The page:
Andrea D'Aquino: Support System

Released Tuesday, May 29, 2012

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Support System, by Andrea D'Aquino.
15% of the sale of this print goes to Shama Foundation.

Andrea D'Aquino is an experienced art director and graphic designer. In just the last couple of years, she decided to put her energies more seriously into her personal art and illustration. Andrea studied art and graphic design before Macs were ubiquitous, so she feel fortunate not to have had to learn the lesson that creativity has nothing to do with using software, though she loves using technology. Andrea spends many hours walking her dog and trying not to think too much. Somewhere in between the artwork seems to happen. At the moment, she is also learning silkscreen printing, which she says suits her very well.

This is the second time The Working Proof has paired with Andrea. The first print, Green Zen I + II, also benefited the Shama Foundation.
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About the print:
I try to allow ideas to happen organically; meaning that I try not to over-control or plan too much. I allow them room to grow, and take on a life of their own. If sketches are too specific, the end result tends to lose some life and spontaneity. I'd say that very concept in itself it the idea of this piece: all thoughts and actions are connected to each other, and have an effect on each other. Our thoughts, actions, the physical world around us, there is no solid boundary between them. Something has affected us, and we in turn, affect something else, and hopefully for the better.

This print is available in multiple sizes. It was digitally signed by the artist. The 8x10, 11x14, and 16x20 prints are numbered by The Working Proof. Learn more here.


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What themes are recurring in your work, and what is the meaning behind them?
One theme is hands and human figures, though not overly specific - more of a universal "every person". The meaning being striving for a higher consciousness and understanding (with or without success) of what we are doing here. Not of any particular philosophy (most of those intersect at a basic level, anyway).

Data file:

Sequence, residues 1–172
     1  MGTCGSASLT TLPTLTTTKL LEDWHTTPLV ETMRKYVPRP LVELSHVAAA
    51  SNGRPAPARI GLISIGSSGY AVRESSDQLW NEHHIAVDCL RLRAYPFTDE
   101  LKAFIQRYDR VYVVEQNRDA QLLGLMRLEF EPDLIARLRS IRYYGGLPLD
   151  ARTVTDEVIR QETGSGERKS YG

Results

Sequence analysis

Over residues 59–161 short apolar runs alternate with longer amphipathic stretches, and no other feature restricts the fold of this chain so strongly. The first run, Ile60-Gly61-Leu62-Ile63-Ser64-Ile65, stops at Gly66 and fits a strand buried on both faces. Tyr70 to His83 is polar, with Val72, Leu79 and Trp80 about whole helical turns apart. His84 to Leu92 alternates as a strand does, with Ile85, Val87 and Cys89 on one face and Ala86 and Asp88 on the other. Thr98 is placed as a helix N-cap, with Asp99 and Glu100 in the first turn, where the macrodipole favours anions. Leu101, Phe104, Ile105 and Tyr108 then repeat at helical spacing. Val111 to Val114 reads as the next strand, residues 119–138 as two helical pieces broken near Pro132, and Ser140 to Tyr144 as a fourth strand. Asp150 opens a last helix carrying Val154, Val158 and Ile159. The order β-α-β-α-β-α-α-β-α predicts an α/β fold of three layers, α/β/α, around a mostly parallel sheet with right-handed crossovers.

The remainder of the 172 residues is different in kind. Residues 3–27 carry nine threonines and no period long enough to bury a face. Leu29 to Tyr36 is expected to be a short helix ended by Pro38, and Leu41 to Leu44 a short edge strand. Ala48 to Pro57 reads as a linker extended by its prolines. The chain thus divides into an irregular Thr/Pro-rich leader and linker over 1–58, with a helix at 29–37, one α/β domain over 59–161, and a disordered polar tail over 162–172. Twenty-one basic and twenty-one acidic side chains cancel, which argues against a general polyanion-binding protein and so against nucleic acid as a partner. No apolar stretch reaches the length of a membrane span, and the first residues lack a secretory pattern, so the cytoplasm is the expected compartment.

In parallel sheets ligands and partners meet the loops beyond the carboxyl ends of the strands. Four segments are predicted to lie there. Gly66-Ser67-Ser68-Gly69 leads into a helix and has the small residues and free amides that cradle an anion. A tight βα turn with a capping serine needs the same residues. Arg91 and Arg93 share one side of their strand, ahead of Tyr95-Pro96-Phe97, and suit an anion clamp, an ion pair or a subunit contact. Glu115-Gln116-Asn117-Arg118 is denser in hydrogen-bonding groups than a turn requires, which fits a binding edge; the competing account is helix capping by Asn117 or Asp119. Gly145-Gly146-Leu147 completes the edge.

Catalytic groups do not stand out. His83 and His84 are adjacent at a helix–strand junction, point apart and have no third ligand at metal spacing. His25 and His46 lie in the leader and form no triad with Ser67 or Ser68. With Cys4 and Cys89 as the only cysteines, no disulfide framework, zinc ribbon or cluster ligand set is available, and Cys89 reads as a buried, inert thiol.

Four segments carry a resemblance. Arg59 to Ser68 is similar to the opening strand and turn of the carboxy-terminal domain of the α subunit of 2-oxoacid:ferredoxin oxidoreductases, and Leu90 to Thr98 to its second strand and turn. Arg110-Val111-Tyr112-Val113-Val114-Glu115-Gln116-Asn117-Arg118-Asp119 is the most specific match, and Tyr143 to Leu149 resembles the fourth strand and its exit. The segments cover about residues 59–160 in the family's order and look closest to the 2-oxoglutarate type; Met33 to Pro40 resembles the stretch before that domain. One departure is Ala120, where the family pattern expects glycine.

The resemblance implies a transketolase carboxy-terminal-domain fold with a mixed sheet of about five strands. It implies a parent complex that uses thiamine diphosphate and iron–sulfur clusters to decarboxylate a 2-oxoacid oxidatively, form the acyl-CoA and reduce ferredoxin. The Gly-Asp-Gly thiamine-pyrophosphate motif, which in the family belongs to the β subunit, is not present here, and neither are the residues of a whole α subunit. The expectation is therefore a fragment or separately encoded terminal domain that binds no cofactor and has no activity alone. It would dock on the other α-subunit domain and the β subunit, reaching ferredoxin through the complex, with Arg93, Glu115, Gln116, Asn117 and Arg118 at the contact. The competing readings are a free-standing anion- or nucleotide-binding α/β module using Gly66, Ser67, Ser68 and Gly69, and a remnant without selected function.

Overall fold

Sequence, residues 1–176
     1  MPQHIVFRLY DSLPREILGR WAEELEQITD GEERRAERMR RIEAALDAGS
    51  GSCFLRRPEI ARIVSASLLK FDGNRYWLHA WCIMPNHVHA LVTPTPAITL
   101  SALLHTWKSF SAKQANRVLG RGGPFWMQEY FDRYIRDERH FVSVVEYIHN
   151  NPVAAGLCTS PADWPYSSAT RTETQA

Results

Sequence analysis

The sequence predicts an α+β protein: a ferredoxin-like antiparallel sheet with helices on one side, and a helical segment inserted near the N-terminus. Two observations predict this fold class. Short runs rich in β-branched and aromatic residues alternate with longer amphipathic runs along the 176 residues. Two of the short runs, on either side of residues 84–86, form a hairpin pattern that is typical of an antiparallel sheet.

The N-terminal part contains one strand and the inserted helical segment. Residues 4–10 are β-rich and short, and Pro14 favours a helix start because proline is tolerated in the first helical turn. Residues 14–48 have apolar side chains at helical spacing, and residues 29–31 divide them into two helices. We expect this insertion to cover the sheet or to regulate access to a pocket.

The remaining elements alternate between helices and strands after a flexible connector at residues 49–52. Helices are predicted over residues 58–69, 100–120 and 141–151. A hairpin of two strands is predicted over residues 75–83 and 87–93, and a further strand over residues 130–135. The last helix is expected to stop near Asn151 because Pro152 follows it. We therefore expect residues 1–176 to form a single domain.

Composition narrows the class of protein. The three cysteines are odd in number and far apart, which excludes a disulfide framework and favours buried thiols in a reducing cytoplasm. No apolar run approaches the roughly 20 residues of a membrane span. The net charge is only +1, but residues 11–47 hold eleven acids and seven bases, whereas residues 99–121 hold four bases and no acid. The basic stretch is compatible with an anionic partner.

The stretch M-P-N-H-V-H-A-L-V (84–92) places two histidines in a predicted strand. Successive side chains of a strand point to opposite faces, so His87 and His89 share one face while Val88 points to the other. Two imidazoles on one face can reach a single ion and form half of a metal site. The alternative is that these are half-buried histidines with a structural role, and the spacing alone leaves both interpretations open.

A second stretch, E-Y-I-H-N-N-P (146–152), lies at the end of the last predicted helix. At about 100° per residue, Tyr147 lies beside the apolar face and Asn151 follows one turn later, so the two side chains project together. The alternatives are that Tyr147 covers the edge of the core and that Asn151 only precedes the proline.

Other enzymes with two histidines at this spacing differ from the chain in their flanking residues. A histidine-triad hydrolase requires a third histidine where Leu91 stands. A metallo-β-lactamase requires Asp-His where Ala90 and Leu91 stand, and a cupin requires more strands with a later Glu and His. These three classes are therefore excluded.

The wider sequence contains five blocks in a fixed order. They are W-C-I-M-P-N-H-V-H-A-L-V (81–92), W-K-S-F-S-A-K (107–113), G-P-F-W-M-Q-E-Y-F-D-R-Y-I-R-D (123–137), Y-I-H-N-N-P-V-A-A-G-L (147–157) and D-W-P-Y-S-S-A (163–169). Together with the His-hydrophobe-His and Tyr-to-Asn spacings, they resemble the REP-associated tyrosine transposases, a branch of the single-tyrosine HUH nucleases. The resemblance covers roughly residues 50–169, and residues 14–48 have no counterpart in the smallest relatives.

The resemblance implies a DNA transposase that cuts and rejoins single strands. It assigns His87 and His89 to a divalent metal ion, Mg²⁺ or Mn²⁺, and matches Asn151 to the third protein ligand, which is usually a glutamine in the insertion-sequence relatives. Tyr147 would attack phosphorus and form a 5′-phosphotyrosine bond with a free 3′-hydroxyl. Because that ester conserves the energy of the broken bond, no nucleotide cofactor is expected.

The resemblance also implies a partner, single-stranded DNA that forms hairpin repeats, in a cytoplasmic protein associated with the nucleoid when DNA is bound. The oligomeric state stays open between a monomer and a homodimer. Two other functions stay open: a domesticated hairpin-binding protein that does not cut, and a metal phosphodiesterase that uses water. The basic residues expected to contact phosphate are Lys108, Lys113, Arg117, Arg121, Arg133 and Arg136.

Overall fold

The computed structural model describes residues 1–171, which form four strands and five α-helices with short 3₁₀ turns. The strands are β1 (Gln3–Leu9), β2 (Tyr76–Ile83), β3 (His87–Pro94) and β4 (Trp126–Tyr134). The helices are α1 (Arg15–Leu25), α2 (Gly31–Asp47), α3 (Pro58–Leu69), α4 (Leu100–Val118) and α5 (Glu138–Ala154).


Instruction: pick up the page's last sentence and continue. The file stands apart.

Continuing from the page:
A second theme I use is mythological creatures with a meaning that is very similar to the first, really. They become a 'blank slate' that almost anyone can relate to or project themselves onto. Often wandering around in curious environments‚ slightly lost, but not without dignity in trying to figure out what on earth is going on.

Why did you choose to pair with Teach for America with your print?
I chose to pair my prints with The Shama Foundation of Madagascar. I do not have children, so this is one way to be supportive of the most innocent among us, not to mention those with the most potential. It is also a way to acknowledge that I myself have been very fortunate to grow up in a supportive family with all of my needs more than met. As the Shama Foundation says on their website: "Madagascar is considered one of the most biologically diverse countries in the world. An educated people may make the informed economic and environmental choices needed to heal and sustain Madagascar’s unique ecosystem."

What have you been up to since we last worked together?
I work as an art director and graphic designer on all kinds of projects. All visual and conceptual work that is often satisfying, but I find I must always make time for my personal expression. Otherwise, I feel like all my time and effort is spent conveying someone else's thoughts to the world, and why should I do that?!

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How has your work developed over the last year?
I feel some confidence has allowed me to be bolder, less tentative. But still always trying to get to a place that feels even more strong and effortless. By "effortless", I don't mean without working - but working in a manner that feels completely natural to me, and not necessarily anyone else. When things are working well, there is an ease, less thinking, less struggle‚ just pure doing. Those are the best times.

What is inspiring you these days?
I find the work that I enjoy looking at most is usually very painterly, abstract or very loosely representational. I think that work was most popular in the 40s/50s‚ it's not trendy now, but just as vital, for the people still doing it. I am inspired by a sophisticated or offbeat use of color-relationships, texture and form/composition. The classic elements, really. As long as it's not too academic or literal. I tend to be very bored by work that is strictly about perfection or an overt reflection of reality. It really needs to got a step further grab me.

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